yard. He also placed a plank across two barrels underneath the heavy timber.

In the morning, very early, a great crowd gathered in the court house


yard to see six bodies hanging stiffly by their necks. They were cut down
and laid out side by side on the floor of the hall in the courthouse, and a
coroner's jury promptly summoned promptly found that the deceased per-
sons came to their death from being hanged by a person or persons to this
jury unknown. At least the jury swore truly so far as its official cognizance
was concerned, for no testimony touching the identity of the executioners
was introduced at the inquest.

Not a few people condemned the hanging of the boy Elias, and a large
number of Mexican citizens considered the affair an affront to their race.
There was some talk of asking the Mexican consul to interfere, and a small
fire starting in the alley back of the Arlington hotel gave rise to a report
that an attempt had been made to burn the town in resentment of the lynch-
ing. Guards were sworn in and stationed about the streets for a night or
two, but the excitement died out as the Mexicans were convinced that no
discrimination between races had been intended or had been made.

This was the last organized gang of thieves and outlaws to ply their
profession in Kern county.

The Tehachapi Train Wreck

On January 20, 1883, occurred the train wreck on the Tehachapi grade,
still remembered with horror. The Southern Pacific passenger train reached
Tehachapi at 2:30 a. m. with seven cars, a postal car, baggage car, express
car, two sleepers, smoking car and day coach in the order named. The con-
ductor, B. F. Reid, got off to register and get the train orders, the head brake-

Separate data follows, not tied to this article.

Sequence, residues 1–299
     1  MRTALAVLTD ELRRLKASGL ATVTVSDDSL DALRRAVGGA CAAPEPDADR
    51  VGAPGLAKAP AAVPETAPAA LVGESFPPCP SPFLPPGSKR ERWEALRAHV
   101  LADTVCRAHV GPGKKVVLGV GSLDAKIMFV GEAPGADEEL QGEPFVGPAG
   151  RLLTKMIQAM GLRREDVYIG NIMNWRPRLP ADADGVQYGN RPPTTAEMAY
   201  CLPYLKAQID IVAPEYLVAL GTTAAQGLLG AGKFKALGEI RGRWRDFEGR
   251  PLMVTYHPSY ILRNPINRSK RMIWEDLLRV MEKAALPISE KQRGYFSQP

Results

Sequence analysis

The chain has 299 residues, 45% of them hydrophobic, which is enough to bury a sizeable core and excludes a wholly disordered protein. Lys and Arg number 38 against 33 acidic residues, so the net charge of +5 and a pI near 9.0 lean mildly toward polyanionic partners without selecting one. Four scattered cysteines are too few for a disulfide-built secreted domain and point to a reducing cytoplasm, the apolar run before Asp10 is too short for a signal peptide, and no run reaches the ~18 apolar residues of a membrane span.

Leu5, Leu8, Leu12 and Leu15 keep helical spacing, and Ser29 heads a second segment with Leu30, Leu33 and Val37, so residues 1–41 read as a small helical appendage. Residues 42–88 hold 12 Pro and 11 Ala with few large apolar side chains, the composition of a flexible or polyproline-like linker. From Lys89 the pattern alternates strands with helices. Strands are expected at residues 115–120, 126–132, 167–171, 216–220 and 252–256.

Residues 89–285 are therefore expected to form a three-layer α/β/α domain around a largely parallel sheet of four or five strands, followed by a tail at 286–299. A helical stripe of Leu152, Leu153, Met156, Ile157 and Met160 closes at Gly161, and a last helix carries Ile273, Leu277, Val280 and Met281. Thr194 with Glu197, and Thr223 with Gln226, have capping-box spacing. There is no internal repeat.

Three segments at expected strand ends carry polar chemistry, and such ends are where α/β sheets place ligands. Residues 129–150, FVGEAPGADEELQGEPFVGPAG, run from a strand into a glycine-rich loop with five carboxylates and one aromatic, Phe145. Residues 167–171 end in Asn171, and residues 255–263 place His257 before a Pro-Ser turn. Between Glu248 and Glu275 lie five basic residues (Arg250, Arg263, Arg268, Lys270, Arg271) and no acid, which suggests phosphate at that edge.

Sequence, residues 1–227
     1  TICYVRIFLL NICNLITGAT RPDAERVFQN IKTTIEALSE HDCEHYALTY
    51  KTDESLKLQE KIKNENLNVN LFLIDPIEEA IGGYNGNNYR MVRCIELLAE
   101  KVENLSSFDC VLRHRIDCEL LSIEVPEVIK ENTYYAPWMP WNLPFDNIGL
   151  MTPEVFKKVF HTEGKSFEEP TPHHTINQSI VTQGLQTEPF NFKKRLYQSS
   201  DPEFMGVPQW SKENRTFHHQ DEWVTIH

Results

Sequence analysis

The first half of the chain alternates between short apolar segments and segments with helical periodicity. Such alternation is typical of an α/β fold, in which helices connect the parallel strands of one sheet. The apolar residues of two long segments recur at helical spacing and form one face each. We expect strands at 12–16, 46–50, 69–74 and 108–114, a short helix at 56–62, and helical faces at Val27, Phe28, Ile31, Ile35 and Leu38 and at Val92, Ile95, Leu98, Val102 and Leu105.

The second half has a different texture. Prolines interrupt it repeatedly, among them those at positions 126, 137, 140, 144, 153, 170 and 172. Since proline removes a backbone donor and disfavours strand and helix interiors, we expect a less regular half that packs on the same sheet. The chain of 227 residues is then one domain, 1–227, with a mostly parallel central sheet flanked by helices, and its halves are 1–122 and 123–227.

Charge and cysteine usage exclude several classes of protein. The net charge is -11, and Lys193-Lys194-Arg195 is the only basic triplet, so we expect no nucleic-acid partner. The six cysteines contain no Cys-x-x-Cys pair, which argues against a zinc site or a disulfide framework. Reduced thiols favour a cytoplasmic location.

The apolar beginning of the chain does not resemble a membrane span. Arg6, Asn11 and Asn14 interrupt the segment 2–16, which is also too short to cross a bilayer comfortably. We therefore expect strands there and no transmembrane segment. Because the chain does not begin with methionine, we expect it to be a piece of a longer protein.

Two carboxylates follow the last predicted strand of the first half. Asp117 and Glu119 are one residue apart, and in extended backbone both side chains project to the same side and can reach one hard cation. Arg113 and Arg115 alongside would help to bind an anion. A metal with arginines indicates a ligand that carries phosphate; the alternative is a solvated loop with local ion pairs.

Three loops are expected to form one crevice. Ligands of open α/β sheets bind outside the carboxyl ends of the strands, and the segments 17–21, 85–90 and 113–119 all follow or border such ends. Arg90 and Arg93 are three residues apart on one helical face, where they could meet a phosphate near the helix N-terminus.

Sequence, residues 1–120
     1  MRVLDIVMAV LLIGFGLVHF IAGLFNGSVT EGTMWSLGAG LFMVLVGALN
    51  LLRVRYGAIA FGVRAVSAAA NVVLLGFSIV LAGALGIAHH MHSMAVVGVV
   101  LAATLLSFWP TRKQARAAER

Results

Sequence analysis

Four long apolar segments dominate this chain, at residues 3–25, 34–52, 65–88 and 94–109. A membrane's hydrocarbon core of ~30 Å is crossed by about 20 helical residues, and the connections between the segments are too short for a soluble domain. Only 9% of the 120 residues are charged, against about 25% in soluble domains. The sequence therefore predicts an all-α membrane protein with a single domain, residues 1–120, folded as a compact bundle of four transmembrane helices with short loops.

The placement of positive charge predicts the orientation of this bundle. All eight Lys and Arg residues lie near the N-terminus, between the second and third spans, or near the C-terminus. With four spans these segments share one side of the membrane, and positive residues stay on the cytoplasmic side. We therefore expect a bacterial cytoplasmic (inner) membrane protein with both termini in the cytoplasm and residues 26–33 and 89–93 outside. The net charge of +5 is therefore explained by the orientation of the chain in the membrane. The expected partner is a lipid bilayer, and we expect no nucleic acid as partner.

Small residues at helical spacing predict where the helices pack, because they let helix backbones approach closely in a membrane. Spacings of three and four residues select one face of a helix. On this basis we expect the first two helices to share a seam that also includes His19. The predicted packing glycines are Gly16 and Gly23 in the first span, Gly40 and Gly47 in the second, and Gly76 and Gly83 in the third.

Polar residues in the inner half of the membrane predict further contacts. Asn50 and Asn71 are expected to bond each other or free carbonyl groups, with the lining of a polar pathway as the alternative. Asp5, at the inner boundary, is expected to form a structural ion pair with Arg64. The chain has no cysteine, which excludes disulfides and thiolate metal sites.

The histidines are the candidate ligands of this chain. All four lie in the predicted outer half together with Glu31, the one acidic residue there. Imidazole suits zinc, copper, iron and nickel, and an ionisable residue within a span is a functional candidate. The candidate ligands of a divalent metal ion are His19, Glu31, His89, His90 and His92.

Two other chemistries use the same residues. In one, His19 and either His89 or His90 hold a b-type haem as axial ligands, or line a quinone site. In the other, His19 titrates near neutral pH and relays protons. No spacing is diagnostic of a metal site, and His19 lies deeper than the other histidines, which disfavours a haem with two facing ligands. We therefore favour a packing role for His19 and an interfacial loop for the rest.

man, C. Maltby, went to turn the switch when the engines were discon-
nected and the helper engine was being detached, and the rear brakeman,
John Patten, left his post to show a lady passenger the way to the depot.
The night was very dark, and a strong and bitterly cold wind was blowing
over the mountain from the south. The last man of the train crew had hardly
left the cars before they began moving backward. The grade at the station
was twenty feet to the mile, and rapidly grew steeper, and besides there was
the wind to help give the runaway train velocity. The train was making
furious headway before anyone inside noticed that anything was wrong. Then
Eli Nabro, a passenger, set the hand brakes on the sleepers. This checked
the forward part of the train so that the smoker and day coach broke loose
and dashed on ahead. The hand brakes however, were insufficient to hold
the cars on the steep grade, and new velocity was gained. Two miles and
a half below the station, the sleepers left the track just after they had passed
over a deep fill. The first was thrown against the wall of a cut and crushed
to splinters, the second turned completely over in the air and landed on the
bank. Both caught fire, and the first was completely consumed with every-
one in it. From the other sleeper and from the postal, express and baggage
cars, all of which rolled over the fill to the bottom of the gulch, eighteen or
twenty persons escaped, all more or less seriously hurt. A Miss Squires,
caught in the wreck unhurt, was burned to death before the eyes of other
passengers who were powerless to help her. The smoker and day coach
raced on a mile and a half farther, where the efforts of the passengers served
to stop them. Just how many people were killed in the wreck was never
accurately established. The testimony at the inquest tended to show that
the brakes never were set at the station, though railroad officials maintained
that the brakes were set, but that tramps released them with the intention
of robbing the passengers. The body of one tramp was found in the wreck.


Importation of the Negroes

Haggin & Carr inherited from Livermore & Chester and the Cotton
Growers' Association the idea that cotton growing should be one of the most
profitable purposes to which the delta lands could be put, and as a means
of securing suitable labor in the cotton fields Carr undertook the importation
of negroes from the southern states. The St. Louis Chronicle of November